Boza, a Turkish history class in a glass

There is an old legend that speaks of a very unusual Sultan in in 17th century Ottoman Istanbul. Murat IV apparently used to change into civilian clothing at night to be able to walk anonymously through the street of Istanbul and check the city’s alehouses to see if people were drinking forbidden alcoholic beverages. The Sultan was checking for illicit consumption of boza, a traditional drink that contains a very low alcohol level, which made its way to Istanbul from Central Asia.

Boza is beverage also seen in Turkey’s neighbouring  countries. Although there are some small differences from one country to another, it is sold in Turkey as a malt drink made from fermented wheat.

Version 2

More like a milkshake than a cocktail

 

 

Boza has a thick consistency and a little alcohol content (usually around 1%), it is slightly acidic and sweet in flavour. Resembling eggnog, boza has a similar flavour although it is egg and dairy free. It is served with cinnamon and roasted chickpeas and is consumed especially in the winter months.

This unique tipple is a disappearing part of Turkish culture. Famous Turkish novelist Orhan Pamuk’s latest book, A Strangeness in My Mind, tells the story of a man who lives as a traveling boza seller. This is a profession which these days is almost extinct in modern Istanbul.

Although you won’t find boza sold throughout the city anymore, there is one unique place hidden in the backstreets of  Istanbul’s Fatih district which has been selling Boza for 139 years. This is Vefa Bozacisi, a beautiful boza shop looks exactly as it did when it first opened with original blue and white tiles and a dark wooden counter.

Vefa Bozacisi was founded in 1876 by an Albanian immigrant Haci Sadik Bey who perfected the art of making boza after noticing that it was being sold in a form that was watery, brown and relatively sour. This Boza visionary created a method to fermented a yellow, creamy and sweeter drink. In Vefa Bozacisi, boza is served with a dusting of nutmeg. A glass of Boza at Vefa Bozacısı costs only 3 TL, around $1.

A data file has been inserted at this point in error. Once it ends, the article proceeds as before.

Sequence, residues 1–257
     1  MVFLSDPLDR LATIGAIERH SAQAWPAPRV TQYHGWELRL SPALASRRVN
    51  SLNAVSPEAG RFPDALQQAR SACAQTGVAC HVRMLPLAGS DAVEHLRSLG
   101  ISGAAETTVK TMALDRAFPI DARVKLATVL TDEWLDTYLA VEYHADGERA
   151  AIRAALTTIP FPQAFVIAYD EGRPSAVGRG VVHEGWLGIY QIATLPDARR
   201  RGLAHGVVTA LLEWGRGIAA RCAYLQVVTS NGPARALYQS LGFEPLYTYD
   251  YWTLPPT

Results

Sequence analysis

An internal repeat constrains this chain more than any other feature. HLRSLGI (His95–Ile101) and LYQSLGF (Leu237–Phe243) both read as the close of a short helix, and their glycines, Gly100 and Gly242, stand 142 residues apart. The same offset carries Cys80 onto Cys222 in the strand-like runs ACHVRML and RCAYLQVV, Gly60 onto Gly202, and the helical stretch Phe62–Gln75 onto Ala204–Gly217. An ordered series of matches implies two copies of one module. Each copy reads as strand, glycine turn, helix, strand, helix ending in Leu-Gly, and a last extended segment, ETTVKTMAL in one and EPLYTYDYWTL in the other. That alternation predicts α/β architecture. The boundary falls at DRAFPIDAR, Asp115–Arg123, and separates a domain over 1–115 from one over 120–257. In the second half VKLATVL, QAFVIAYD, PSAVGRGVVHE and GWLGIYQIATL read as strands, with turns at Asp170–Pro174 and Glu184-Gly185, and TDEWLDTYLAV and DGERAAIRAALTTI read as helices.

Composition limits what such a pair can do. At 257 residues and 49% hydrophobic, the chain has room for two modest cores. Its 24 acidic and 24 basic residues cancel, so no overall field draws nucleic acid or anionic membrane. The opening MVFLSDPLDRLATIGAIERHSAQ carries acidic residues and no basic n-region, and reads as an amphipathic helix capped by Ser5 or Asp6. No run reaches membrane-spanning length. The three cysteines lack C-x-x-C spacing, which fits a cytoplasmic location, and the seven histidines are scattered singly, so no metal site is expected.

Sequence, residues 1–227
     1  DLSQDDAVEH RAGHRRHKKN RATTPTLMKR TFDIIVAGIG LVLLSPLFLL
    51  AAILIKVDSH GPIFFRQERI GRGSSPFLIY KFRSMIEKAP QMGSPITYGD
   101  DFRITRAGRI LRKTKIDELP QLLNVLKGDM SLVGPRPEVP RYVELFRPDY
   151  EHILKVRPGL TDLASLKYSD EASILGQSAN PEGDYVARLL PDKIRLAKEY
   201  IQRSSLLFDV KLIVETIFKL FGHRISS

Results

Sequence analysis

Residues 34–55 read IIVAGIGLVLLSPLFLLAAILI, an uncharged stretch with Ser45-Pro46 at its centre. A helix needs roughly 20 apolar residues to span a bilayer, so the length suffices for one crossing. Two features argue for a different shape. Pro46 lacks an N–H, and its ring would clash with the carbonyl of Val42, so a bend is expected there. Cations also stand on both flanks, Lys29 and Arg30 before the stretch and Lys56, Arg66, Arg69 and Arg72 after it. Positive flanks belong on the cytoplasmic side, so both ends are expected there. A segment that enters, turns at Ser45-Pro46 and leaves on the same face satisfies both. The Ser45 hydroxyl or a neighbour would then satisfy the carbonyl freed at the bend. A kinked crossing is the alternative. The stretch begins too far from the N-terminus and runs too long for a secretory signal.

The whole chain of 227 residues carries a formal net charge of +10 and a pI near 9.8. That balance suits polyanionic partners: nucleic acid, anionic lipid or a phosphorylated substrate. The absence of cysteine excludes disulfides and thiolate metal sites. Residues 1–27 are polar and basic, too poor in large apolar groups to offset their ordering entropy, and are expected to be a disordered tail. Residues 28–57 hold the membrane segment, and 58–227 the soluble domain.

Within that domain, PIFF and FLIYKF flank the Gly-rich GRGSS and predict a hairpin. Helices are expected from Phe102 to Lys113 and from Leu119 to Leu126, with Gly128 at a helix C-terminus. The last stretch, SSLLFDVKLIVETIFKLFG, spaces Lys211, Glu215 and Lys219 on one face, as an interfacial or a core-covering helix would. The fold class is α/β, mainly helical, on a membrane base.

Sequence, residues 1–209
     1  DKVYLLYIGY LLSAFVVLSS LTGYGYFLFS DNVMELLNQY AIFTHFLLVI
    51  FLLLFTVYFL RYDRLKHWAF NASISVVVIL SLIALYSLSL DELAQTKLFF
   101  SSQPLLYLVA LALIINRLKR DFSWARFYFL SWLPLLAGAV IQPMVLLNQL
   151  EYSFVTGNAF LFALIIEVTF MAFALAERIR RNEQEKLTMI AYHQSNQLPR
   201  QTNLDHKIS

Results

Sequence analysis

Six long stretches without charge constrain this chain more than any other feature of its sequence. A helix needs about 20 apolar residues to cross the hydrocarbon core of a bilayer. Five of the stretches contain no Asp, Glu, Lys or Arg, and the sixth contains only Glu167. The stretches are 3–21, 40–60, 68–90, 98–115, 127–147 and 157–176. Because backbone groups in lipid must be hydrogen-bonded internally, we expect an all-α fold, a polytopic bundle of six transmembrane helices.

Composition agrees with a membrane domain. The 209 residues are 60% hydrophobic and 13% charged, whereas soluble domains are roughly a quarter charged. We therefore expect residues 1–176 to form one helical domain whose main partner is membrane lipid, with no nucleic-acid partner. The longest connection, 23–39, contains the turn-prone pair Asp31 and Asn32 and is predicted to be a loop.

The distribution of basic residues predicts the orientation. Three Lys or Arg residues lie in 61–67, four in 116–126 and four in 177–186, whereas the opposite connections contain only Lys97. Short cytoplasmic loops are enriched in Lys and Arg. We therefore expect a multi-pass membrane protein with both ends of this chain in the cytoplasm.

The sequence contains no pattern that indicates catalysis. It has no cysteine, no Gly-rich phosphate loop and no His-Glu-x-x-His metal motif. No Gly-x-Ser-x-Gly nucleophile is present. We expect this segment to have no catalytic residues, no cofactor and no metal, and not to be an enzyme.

Haci Sadık Bey personally produced this unique Turkish beverage to ensure that the thickness and flavour of the boza were always excellent – a standard that is maintained to this day.

IMG_5622

Vefa Bozacisi interior

You’ll notice the famously worn-down “melted marble” doorstep. The smart marble exterior of Vefa Bozacisi has seen a lot of visitors over the years. The most famous patron being Mustafa Kemal Ataturk, the beloved first president of Turkey and the country’s national hero.

IMG_5613

The worn marble doorstep

Evidence of their most venerable patron sits in Vefa Bozacısı: his boza cup. This precious relic sits in a visible corner encased in glass. This is the boza glass which Atatürk allegedly drank the beverage from when he visited Vefa Bozacısı years ago as president of the country. Indulgence in the heritage while enjoying a traditional treat.

Address: Vefa Cad. 66, Vefa/Fatih. Open at 8 a.m. – 11 p.m. every day. 
Telephone: 212-519-4922
  Web: www.vefa.com.tr

*Edited by Terry Elward.  Written by Cenk Atli, editor of Bon Pur Loryan (website currently in Turkish only)

Advertisements

Leave a Reply

Fill in your details below or click an icon to log in:

WordPress.com Logo

You are commenting using your WordPress.com account. Log Out / Change )

Twitter picture

You are commenting using your Twitter account. Log Out / Change )

Facebook photo

You are commenting using your Facebook account. Log Out / Change )

Google+ photo

You are commenting using your Google+ account. Log Out / Change )

Connecting to %s